This week's popular diversions--an airline crash, a murder trial--led me (and I suppose a multitude of others) to pass over the latest outrage committed by House Republicans, until I read the lead editorial and the Gail Collins op-ed piece in today's New York Times. They went through the annual ritual of passing the farm bill--the one that hands out $195.6 billion to Big Agriculture--but not before stripping it completely of its much needed companion piece, the food stamps program--the one that helps keep the wolf from the door of 47 million Americans.
Will they stop at nothing? Have they no shame, these people who have the gall to hide beneath the mantle of conservatism? It would be only slightly less outrageous if they applied their supposed budget-cutting zeal with equal ferocity to rich and poor alike. They don't. There are countless examples of their zealotry yielding in the face of wealth and power. To steal from the poor in order to hand out generously to the rich is to reverse the Christian principles to which they purportedly adhere.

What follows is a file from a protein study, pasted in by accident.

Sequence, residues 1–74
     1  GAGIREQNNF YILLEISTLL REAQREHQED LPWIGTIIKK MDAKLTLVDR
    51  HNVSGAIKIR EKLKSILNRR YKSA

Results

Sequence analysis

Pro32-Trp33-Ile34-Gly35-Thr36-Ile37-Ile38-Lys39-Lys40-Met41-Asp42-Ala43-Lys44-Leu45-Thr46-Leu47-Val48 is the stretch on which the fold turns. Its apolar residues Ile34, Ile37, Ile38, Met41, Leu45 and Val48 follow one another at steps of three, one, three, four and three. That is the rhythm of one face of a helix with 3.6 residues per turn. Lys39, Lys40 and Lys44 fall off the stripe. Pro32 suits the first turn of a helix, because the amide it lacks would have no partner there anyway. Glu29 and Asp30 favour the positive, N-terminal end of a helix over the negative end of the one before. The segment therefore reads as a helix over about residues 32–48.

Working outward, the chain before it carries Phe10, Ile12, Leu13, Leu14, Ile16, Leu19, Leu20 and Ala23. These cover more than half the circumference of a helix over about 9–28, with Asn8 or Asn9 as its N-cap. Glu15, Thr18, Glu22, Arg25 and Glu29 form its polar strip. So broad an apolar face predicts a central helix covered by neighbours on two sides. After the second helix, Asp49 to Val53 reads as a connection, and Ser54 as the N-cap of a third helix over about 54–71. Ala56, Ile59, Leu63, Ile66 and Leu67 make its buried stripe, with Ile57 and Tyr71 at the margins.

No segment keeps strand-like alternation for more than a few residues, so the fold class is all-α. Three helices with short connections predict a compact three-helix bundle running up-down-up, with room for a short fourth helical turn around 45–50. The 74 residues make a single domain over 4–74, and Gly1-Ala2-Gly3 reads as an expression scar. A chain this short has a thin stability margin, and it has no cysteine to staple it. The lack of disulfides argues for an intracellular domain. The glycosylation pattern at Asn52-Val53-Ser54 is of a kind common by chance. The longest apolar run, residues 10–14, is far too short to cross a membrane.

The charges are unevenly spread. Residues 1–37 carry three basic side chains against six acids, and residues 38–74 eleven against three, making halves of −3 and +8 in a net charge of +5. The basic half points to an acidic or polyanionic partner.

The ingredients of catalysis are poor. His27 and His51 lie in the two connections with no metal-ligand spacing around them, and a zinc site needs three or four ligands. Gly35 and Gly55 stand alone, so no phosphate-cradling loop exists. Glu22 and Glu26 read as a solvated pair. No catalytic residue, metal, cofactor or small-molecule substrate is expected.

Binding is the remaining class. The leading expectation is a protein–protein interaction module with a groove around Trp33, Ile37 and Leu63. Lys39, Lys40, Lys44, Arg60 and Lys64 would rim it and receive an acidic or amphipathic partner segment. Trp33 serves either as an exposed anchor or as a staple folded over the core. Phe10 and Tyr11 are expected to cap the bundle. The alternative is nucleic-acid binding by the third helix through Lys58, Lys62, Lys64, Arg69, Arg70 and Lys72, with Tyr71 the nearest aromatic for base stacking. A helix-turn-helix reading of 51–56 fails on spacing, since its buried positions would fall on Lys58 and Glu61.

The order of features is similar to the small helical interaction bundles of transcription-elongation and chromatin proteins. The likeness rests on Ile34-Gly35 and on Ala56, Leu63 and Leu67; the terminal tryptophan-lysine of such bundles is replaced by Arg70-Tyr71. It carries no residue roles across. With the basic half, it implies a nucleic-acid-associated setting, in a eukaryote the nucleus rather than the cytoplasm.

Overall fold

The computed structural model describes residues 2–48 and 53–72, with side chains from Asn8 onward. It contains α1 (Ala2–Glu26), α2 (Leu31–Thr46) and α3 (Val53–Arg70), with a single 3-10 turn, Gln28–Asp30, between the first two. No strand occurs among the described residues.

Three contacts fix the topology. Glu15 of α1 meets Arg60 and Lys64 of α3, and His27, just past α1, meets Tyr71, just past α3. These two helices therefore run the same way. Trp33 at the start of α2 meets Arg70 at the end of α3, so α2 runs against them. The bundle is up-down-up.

Will their mean-spiritedness and hypocrisy be properly rewarded at the next election by their ouster? Some hope! Congressional districts have now been gerrymandered to give virtual assurance to their re-election. It will likely take more years of their oppression before we all come back to our collective senses. For the moment, we seem bent on following the historical path of all great powers, into decline and eventual irrelevance. A friend wrote yesterday from Europe, noting that the days are gone when one could travel as an American with a sense of pride in our generosity of spirit and our democratic ways. Now the world looks at us askance, and wonders how the American dream became the nightmare that it is for the increasing numbers of the unemployed and the poverty-stricken.
What happened, we may all wonder, to the Big Heart upon which we once used to pride ourselves? It seems to have stopped pumping the lifeblood that once flowed through our arteries, creating our vitality and strength. It is becoming a mean and shriveled thing, and heading rapidly toward inertia.